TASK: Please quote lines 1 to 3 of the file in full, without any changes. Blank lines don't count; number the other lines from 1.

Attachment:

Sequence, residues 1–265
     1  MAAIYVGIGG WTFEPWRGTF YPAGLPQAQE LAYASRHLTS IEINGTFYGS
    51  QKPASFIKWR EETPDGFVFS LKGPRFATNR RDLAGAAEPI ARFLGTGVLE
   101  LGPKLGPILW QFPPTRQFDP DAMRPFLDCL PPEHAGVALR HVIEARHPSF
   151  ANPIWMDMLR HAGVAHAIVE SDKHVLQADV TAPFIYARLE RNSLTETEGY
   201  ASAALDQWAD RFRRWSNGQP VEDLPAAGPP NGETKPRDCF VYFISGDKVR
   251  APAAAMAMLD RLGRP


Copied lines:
Sequence, residues 1–265
     1  MAAIYVGIGG WTFEPWRGTF YPAGLPQAQE LAYASRHLTS IEINGTFYGS
    51  QKPASFIKWR EETPDGFVFS LKGPRFATNR RDLAGAAEPI ARFLGTGVLE